Other aspects of the proposals include greater online resources for public health information through a new website and a new helpline.

Bill Borrett, cabinet member for public health, said: "We are aware that some people need our help more than others and would like to focus on these people to help them make changes.

"I am really excited about our proposal to change the way we work to support people."

Norfolk County Council's cabinet will discuss the proposals on Monday, October 7, in a meeting which will be broadcast live on YouTube.

Concerning figures

The council's report ahead of the meeting discloses a number of worrying statistics around health in the region.

It states that the county has a wide range of issues around public health, particularly related to lifestyle choices such as diet and smoking.

It says:

- 280,000 of adults in Norfolk do not eat a healthy diet

- One in six adults in the county are smokers - that's 119,000 people

- 400,000 adults are either overweight or obese

- One in five adults - around 132,000, do not engage in exercise.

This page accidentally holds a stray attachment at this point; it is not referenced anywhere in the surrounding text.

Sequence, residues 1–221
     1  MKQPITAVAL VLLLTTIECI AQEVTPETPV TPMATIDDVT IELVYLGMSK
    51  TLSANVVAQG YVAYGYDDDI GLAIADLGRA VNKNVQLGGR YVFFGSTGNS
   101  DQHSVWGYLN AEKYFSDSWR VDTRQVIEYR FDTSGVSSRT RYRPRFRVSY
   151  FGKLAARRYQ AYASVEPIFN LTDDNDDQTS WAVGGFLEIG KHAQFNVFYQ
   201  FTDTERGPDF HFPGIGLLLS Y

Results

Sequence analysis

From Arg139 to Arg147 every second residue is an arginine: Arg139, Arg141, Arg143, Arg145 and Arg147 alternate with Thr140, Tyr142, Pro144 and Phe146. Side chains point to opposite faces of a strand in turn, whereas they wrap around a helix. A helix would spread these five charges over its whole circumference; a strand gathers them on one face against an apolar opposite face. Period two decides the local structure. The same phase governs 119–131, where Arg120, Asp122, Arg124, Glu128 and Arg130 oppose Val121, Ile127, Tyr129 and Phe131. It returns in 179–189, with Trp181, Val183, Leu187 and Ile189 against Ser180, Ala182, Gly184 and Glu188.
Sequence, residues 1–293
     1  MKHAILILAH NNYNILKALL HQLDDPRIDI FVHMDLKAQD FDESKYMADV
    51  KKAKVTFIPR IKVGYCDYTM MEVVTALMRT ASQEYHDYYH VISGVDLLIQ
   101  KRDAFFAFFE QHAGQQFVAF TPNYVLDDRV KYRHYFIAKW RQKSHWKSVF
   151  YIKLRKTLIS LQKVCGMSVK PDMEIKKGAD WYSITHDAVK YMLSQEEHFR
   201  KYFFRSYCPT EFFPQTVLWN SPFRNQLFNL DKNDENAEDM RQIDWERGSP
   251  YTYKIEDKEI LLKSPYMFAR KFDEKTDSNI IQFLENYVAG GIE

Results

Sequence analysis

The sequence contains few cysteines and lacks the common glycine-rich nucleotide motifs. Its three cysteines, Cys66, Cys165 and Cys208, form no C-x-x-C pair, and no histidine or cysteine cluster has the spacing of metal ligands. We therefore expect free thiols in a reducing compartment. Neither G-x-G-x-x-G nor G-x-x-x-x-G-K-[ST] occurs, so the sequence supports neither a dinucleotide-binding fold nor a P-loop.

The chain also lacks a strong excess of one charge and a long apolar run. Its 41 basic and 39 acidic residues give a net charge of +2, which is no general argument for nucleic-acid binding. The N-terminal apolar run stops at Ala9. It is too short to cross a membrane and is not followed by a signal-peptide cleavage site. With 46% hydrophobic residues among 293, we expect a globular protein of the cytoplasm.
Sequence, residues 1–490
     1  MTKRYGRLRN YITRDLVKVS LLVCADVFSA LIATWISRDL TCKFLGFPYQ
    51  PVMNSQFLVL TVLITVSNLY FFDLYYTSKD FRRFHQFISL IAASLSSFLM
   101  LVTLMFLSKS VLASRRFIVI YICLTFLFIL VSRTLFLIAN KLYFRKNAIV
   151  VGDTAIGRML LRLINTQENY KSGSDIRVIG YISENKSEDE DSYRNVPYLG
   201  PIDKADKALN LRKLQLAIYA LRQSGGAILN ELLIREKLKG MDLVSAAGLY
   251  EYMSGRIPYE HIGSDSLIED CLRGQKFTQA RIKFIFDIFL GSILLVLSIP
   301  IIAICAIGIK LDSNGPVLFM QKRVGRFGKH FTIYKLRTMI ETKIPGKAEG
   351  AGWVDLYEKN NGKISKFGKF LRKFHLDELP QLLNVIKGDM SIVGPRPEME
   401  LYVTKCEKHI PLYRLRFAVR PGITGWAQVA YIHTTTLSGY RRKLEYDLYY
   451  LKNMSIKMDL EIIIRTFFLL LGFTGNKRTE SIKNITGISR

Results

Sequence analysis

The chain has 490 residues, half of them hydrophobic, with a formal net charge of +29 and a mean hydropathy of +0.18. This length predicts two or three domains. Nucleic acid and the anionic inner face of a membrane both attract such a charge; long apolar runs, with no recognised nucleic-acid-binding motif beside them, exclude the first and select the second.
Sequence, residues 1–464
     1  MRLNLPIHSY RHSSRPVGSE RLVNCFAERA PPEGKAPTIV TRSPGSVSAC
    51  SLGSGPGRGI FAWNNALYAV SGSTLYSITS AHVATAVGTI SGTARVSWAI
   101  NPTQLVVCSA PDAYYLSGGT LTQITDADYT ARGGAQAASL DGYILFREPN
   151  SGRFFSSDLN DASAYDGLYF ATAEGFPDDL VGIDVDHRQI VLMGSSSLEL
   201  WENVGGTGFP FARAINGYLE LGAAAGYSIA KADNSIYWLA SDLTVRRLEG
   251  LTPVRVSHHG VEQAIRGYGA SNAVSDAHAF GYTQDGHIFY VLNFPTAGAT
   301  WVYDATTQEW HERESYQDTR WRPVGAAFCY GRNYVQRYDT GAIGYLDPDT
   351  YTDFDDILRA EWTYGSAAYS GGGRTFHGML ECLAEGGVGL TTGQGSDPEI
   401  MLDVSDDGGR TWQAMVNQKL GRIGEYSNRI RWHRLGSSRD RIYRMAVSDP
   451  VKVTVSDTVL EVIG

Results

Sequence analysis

- One in four adults drink more than 13 units of alcohol every week

Analysis

The proposals come at a time when the council clearly finds itself in challenging times financially.

With County Hall needing to find £16m in savings in the coming year - on top of £31.1m already agreed - there is a requirement for some creative thinking in terms of how it delivers services.

The uncertainty around Brexit - and the very issue of it in general - creates a cloud of doubt over the council's financial position, particularly given matters of local government funding are taking a back seat to Brexit arrangements.

However, the council is still duty bound to make sure that those in need of help the most are cared for and not left in the lurch.

It is not surprising that Unison is questioning whether it is fair to heap extra expectations on already stretched staff, but from the council's point of view you can understand why it feels this need.